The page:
Beverley Farmer’s This Water

Beverley Farmer, This Water (Giramondo 2017)

5tales.jpgThis Water is Beverley Farmer’s tenth book. Her first, the novel Alone, was published in 1980. Her short story collection Milk won the Christina Stead Prise for Fiction in 1984. She was shortlisted for the Miles Franklin Award in the 1990s, and in 2009 she received the Patrick White Award, given each year in November to an Australian writer ‘who has been highly creative over a long period but has not necessarily received adequate recognition’.

As Alexis Wright said in her acceptance speech for this year’s Stella Prize, ‘any book is nothing less than a monumental achievement’. To have written book after book as Beverley Farmer has done, with just enough recognition from those who bestow cultural credibility, is beyond monumental.

I haven’t read any of her earlier work, apart from an essay or perhaps two in the late lamented Heat, but I suspect that This Water represents something like a Late Style. There’s something about its five stories that signals a grand indifference to fashion or indeed to how any reader might judge them. They are:

  • ‘A Ring of Gold’, which features an old white woman living alone (though surrounded by other people) in coastal Victoria, long after the death of her husband and her only sustaining relationships being in memory and with the natural world. I thought of this as a kind of Portrait of the Artist as an Old Woman, only deliberately leaving out the art-making
  • ‘This Water’ and ‘The Blood Red of Her Silks’, two tales in the mode of Celtic stories of princesses and curses. Unlike the magnificent tellings of such stories for young readers by the late Ruth Manning Sanders, or for that matter Hans Christian Andersen’s ‘The Wild Swans’, these – especially the second, much longer one – leave their folk origins to tell challenging adult tales (adult in the sense of grappling with difficult ideas)
  • ‘Tongue of Blood’, a monologue from a figure from Ancient Greek tragedy
  • ‘The Ice Bride’, the longest of the tales. With motifs and structural elements from fairy tales – especially “Bluebeard’ and ‘Beauty and the Beast’, and perhaps a gender-reversed ‘The Snow Queen’ – this is a deeply creepy, dream-like fantasy. I haven’t read Fifty Shades of Grey, and I imagine that this is infinitely better written, but the abject dependence of the female protagonist on her ‘Lord’ made me think of that book.

None of the characters in any of the tales has a name.

I can’t say I loved the book, but it’s beautifully written, uncompromising in its commitment to exploring aspects of women’s experience, and strong enough that when ‘light year’ is referred to as a measure of time (‘Our dreams are like the stars. What we see is light years ago.’) my irritation was forgotten within a couple of pages. If you plan to read just one of the stories, I recommend ‘The Blood Red of Her Silks’.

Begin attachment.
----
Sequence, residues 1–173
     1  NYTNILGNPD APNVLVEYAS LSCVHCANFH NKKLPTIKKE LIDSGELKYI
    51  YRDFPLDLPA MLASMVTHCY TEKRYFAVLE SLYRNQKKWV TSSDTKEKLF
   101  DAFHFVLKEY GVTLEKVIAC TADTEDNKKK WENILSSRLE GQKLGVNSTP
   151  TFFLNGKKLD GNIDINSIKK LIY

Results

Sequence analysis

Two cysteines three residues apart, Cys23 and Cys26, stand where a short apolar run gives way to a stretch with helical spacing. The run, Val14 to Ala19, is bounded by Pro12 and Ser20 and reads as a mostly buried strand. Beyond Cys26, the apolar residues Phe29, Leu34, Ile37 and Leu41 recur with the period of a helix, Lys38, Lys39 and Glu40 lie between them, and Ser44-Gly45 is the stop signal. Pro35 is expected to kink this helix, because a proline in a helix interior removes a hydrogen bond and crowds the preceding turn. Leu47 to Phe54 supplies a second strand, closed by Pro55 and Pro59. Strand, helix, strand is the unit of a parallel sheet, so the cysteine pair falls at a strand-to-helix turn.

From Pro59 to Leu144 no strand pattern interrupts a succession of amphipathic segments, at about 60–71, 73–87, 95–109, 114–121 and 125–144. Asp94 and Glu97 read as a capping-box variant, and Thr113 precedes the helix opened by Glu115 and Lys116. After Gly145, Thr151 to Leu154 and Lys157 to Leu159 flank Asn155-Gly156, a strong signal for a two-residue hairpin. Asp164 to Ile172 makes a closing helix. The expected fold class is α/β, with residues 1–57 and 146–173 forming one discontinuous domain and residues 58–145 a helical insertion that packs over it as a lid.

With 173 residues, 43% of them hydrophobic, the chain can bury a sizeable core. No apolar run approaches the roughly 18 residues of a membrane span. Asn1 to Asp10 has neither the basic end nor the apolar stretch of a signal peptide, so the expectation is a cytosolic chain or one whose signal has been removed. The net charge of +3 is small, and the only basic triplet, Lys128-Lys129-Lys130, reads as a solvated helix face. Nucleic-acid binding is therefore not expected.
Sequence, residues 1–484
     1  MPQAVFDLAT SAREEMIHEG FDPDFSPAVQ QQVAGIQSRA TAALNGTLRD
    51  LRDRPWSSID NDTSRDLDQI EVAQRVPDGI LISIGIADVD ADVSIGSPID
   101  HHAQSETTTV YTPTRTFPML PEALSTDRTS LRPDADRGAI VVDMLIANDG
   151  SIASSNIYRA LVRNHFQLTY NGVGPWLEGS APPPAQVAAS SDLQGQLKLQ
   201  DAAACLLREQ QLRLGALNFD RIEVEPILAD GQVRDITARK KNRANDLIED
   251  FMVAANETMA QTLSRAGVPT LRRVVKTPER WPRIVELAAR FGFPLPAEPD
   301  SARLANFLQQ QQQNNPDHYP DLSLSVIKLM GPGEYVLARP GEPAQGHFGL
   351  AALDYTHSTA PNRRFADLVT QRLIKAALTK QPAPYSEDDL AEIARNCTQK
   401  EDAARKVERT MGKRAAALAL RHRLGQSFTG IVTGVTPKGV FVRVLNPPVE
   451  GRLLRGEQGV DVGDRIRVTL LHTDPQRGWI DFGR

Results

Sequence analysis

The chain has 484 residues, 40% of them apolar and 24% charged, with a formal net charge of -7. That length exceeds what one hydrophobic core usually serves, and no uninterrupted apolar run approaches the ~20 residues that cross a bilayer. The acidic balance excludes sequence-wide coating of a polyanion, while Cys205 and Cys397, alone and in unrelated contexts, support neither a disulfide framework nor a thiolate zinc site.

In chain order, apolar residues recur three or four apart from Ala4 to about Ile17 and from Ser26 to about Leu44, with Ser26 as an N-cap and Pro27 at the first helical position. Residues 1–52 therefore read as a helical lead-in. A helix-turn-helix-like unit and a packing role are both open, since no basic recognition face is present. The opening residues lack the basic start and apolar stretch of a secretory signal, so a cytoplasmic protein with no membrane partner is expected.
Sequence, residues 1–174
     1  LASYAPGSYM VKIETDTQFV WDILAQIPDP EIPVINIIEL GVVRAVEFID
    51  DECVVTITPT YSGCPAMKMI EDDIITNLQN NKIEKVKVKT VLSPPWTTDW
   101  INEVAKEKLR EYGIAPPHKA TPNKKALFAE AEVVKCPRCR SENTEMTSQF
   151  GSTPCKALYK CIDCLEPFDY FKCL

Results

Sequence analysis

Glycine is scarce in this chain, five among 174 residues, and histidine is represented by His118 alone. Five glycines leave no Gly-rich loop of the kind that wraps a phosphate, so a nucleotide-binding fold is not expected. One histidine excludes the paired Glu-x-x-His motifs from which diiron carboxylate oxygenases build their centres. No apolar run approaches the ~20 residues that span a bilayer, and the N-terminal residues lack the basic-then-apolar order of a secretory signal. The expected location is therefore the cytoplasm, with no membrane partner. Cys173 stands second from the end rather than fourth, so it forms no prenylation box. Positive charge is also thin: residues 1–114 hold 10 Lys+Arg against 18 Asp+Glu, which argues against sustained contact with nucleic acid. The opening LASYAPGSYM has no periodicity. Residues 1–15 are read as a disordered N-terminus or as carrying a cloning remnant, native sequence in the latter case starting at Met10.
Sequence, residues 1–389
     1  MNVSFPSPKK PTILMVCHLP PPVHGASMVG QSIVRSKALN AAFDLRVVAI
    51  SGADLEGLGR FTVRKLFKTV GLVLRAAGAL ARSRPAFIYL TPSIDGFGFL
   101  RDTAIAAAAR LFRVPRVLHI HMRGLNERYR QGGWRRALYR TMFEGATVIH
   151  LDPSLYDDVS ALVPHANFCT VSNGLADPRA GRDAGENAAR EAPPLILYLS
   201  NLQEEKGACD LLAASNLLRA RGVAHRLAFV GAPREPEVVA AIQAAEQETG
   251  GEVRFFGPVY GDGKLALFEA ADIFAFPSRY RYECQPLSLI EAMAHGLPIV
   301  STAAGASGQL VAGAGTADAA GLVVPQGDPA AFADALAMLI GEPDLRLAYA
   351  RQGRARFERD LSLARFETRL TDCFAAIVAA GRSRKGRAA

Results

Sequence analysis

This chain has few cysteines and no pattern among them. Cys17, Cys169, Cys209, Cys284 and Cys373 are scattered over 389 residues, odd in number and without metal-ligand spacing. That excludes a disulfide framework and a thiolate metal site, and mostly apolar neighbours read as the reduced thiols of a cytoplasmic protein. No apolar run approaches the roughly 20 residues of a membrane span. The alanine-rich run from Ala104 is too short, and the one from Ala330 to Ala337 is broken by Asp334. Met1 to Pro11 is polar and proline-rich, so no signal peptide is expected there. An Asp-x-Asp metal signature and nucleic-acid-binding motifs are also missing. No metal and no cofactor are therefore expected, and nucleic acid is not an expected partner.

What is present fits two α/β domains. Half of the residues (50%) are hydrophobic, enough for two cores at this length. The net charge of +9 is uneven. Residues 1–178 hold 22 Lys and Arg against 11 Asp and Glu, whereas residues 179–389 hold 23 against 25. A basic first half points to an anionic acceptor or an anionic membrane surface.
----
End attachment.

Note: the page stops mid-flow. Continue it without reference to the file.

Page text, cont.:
This Water is the fourth book I’ve read for the 2018 Australian Women Writers Challenge. I gratefully acknowledge that my copy is a gift from Giramondo.

5 responses to “Beverley Farmer’s This Water

  1. You might like to read my adventures with Farmer’s previous collection called A Body of Water. (https://anzlitlovers.com/2010/02/28/a-body-of-water-by-beverley-farmer-2-bookreview/)
    I see from my meanderings there that I meant to try reading some of her novels, but I haven’t come across any so far in my OpShop searches.

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    • I enjoyed your ‘meanderings’ a lot, Lisa. It looks as if I’ve come in late – that these stories would yield greater riches to someone who had already read a fair amount of Beverley Farmer’s work

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  2. Ha, Jonathan, I think you’ve mixed up me with Lisa there!

    I have, though, read Milk and Hometime, back in the late 1980s. I really liked them, particularly her exploration of like as an Aussie wife in a Greek village. I haven’t read her since then, though I have a novel and The body of water on my TBR. What I do remember is that she wrote to women’s experience at a time when such writing was finally getting published with greater regularity, and I revelled in it.

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  3. Oops! Thanks, Sue. I’ve fixed that so I’m no longer confused. The only thing of Beverley Farmer’s that I’ve read previously was an essay, or possibly two, based in her Greek connections, in Heat. I remember liking it/them, but nothing else, and I’m away from home so can’t look them up to refresh my memory. It’s terrible that she may have died when I was still writing this post. It’s a sad loss.

    Liked by 1 person

  4. Yes, I guessed you probably didn’t know when you were writing it, otherwise you would have commented to that effect. Sad though. Only in her 70s.

    Liked by 1 person

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